About the Battle of Passchendaele:
Arguments over strategy, heavy rains, and mud marked the controversial three-month Battle of Passchendaele, also known as the Third Battle of Ypres.
Pictures of the Battle of Passchendaele:
July 31 - mid-November, 1917. The Canadian Corps began their attack on October 26, 1917.
Location of Battle:
Village of Passchendaele, Belgium, near Ypres.
Canadian Troops at Battle of Passchendaele:
20,000 members of the Canadian Corps
Canadian Casualties at the Battle of Passchendaele:
Over 15,000 Canadians dead and wounded
Canadian Honours at the Battle of Passchendaele:
Nine Canadian soldiers received the Victoria Cross in recognition of their efforts at Passchendaele:
Battle of Passchendaele Summary:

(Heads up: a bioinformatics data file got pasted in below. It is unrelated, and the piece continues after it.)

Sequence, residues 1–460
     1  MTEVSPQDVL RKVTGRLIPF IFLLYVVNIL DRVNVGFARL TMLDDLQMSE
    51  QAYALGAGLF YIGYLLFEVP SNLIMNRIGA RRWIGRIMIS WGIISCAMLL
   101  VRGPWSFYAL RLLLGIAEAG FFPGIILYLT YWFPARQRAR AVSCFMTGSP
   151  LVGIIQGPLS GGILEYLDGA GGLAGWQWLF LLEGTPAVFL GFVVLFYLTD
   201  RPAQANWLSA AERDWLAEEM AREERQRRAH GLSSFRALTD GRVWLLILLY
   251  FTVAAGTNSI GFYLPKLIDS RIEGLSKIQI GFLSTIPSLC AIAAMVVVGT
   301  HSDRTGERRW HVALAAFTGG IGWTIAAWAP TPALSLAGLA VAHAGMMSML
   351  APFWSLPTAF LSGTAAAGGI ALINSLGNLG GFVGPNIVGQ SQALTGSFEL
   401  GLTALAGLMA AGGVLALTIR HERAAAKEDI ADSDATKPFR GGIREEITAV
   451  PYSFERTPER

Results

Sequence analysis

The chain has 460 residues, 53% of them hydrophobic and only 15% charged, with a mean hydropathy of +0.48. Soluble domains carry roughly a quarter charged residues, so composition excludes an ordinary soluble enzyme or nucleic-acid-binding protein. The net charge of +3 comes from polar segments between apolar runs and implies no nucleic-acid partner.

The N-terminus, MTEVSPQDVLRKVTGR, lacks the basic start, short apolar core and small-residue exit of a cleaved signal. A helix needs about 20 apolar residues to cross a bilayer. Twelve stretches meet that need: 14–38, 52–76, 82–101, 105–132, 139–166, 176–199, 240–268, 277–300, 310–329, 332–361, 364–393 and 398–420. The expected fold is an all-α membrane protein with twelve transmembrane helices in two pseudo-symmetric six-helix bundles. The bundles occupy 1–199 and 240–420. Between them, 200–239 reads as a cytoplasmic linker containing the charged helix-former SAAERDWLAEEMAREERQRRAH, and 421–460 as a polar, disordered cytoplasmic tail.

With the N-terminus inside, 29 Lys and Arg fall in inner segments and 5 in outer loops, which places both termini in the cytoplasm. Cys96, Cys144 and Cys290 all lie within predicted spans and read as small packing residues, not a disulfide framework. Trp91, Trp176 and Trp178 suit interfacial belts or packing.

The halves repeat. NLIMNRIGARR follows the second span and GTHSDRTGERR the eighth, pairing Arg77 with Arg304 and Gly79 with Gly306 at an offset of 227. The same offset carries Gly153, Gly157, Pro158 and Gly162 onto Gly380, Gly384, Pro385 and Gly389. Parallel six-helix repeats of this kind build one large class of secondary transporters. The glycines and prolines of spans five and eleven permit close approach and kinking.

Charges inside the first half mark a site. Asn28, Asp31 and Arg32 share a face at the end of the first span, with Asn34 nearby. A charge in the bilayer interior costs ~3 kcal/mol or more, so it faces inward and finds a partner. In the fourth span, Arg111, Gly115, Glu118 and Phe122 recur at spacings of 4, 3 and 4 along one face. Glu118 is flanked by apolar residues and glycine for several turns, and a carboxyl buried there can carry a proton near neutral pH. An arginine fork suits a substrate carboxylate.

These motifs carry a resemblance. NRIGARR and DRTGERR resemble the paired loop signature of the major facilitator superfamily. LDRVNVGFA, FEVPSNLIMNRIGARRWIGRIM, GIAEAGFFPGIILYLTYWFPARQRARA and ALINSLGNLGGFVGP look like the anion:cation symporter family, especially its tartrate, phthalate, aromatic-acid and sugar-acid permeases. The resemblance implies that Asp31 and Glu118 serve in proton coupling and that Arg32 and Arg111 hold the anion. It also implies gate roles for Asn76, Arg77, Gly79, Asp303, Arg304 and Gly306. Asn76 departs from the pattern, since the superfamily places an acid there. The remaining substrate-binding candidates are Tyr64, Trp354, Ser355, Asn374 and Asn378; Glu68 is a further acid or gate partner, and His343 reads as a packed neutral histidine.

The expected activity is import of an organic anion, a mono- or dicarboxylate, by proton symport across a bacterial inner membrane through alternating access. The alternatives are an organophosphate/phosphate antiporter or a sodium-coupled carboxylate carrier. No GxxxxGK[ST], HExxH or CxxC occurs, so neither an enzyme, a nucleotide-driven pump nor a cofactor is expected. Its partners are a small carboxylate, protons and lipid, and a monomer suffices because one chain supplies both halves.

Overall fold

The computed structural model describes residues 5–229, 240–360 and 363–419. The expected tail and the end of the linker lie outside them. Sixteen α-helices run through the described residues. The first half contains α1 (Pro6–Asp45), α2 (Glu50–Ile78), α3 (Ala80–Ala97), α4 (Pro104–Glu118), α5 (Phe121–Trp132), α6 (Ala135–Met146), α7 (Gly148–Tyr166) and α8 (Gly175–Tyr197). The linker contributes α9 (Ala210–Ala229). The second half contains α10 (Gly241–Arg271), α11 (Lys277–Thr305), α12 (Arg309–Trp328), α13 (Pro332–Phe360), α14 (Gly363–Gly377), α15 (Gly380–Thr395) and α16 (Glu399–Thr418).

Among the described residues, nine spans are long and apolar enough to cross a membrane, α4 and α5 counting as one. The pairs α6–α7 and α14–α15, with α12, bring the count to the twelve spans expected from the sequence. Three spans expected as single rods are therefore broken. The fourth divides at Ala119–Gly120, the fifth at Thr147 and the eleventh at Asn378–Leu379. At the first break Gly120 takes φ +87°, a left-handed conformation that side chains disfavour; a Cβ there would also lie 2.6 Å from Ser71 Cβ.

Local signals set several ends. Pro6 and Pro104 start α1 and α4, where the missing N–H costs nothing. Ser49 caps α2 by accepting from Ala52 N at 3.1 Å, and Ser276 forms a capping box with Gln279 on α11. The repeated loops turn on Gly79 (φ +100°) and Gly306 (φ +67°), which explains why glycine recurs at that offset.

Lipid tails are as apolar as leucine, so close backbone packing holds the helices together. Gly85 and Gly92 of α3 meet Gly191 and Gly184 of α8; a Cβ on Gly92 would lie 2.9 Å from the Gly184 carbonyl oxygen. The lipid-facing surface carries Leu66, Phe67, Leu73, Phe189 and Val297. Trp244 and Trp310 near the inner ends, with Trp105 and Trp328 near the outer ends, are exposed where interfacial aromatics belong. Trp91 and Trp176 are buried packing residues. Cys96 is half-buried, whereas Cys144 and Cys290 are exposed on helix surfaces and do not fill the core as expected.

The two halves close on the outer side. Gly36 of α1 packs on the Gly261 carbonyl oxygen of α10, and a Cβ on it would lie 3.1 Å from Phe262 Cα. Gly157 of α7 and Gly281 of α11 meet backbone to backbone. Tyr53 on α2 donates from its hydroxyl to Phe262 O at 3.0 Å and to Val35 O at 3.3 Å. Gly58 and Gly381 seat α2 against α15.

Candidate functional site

- This offensive in Flanders was launched by British commander Sir Douglas Haig to break through the front and destroy the German submarine bases on the coast of Belgium.
- The initial barrage of Allied artillery warned the Germans and created a mass of craters, potholes and dust in the battlefield. Heavy rains turned the field into a bog of thick mud that severely limited mobility.
- British, Australian and New Zealand forces fought for months with few advances and 100,000 casualties.
- When the Canadian Corps was ordered to relieve the Anzac forces in October, Canadian Lieutenant-General Arthur Currie objected but was overruled.
- The Canadians began a series of attacks on October 26.
- On October 30, with two British divisions, the Canadians began the attack on Passchendaele itself. By November 6 when reinforcements arrived, the village of Passchendaele was taken.